The brief was to model the final project. I tried, but I ended up modeling various shapes for fun instead. The official answer is that those shapes are to play an integral role in my project. The more honest and valuable answer is that I truly have no idea as to what I could make, so I modelled some cool shapes and did my best to get to grips with the technology. A quick note on why modeling the final project is so difficult right now -- I don't even know what is possible. In theory, I know that I'm going to learn about microcontrollers, and circuit board construction, and 3D printing, etc. In practice, I have no idea as to what those concepts would enable me to construct. I'm hoping that I'll figure it out along the way -- in fact, I'm sure that I will.
Antimony is a great program that looks very intimidating to beginners, but has a lot of power (and intuitiveness) under the hood. My initial explorations with Antimony were not particularly successful -- the above is one of the few shapes I made before giving up and moving on. At least I got further than I did with unreal engine (downloaded, opened it once, noted the learning curve, put it away for forever). Having had some experience with a similar workflow on Grasshopper for Rhino recently, I think that I may give Antimony a second try soon.
Rhino is the programme that everyone pointed me towards. Apparently it's 'the' programme to use at the design schools? I wouldn't know, but I trusted the advice and made time for a proper foray into Rhino. To get started, I played around with rotation, ultimately modelling a wine glass.
The experiment was certainly fun, but it also served as a great introduction to the power that Rhino (and its brethren) contain. Modelling the wine glass was as simple as drawing half of a 2D wine glass (using the fillet function on the edges for smoothness), then rotating it for a full 3D model. The next shape was a spherical-ish object composed of many circles layered on top of each other. The idea was to see how it would look if I chose to layer many circles on top of each other in real life... Though, I suppose that's the point of modelling... You've officially read the most redundant sentence on this site (I hope). Nonetheless, the model looked interesting, but the circle sizes could certainly use some adjustment before the idea leaves the computer screen (adjusting the circle size would make the difference between 'spherical' and 'spherical-ish'). This shape was designed similarly to the wine glass -- I drew half of many circles, then rotated them for the full shape.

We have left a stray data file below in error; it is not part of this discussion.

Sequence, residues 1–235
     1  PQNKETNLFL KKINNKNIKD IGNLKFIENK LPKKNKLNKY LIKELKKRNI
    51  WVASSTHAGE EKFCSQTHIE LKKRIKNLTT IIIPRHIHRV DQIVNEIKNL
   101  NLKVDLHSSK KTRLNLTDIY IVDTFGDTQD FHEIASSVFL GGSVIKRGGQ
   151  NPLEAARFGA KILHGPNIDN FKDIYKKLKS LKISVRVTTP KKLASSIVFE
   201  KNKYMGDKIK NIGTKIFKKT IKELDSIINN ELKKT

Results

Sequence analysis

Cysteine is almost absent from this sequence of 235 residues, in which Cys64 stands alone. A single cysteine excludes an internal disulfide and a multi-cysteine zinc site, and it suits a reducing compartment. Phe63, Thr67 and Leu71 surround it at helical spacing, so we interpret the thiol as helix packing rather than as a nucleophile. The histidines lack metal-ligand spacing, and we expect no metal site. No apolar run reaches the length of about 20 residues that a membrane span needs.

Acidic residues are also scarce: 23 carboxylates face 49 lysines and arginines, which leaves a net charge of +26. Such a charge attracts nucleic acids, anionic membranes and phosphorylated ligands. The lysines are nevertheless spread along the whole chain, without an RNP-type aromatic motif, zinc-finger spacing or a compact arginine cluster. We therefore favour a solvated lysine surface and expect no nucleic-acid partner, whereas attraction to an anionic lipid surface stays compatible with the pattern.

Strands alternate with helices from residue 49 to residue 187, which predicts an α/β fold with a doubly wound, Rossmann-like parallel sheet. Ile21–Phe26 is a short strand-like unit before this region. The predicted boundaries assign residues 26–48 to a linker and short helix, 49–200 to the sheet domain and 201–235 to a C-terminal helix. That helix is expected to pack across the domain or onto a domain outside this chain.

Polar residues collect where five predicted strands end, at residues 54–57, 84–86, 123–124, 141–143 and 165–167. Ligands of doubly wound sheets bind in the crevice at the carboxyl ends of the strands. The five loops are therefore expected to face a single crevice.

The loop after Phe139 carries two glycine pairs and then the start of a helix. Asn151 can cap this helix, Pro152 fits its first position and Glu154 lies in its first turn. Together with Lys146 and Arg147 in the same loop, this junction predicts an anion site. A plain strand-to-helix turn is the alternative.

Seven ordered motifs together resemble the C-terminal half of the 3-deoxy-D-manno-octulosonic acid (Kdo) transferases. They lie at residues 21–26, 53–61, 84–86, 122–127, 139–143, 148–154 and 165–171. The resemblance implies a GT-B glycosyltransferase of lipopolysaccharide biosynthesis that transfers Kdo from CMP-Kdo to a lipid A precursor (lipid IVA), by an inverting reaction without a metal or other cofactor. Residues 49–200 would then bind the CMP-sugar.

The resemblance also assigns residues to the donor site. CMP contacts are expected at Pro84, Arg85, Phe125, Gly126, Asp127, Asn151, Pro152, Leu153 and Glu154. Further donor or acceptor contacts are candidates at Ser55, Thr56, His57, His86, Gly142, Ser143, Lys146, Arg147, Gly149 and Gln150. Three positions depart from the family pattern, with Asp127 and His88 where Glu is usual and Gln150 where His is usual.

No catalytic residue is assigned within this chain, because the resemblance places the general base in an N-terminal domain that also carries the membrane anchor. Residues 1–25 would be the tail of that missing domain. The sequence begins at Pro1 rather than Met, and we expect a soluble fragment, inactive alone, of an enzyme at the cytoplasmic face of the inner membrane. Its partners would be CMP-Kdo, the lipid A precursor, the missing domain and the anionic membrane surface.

Next, I began considering next week's assignment -- laser-cutting -- and attempted to model something that could be cut. Having done the laser-cutting, I now know that the design format that I chose is not conducive to laser-cutting at all. At the time of writing, I haven't cut this idea, but I'd still like to try. The idea is quite simple -- a host of large semi-circles with ridges can be connected to one another with smaller circles, creating large loops. If these loops are connected before sealing them, then a wood/cardboard chain can be created. Below is the design. The title, 'the belt', is due to a silly idea -- making a wooden/cardboard belt out of smaller loops. It may yet be doable, though.
The last object that I modelled in week one was a tentative attempt at a final project idea. I'm not super excited by the idea, so it's unlikely to follow me to week 11, but it's worth posting nonetheless. It's a platform, programmed to have an orientation, that will always turn to face the direction of a certain RFID tag. The applications are numerous, but a simple one would be to place a fan on this platform and pop the tag in your pocket. Then, enjoy uninterrupted airflow throughout your summer day.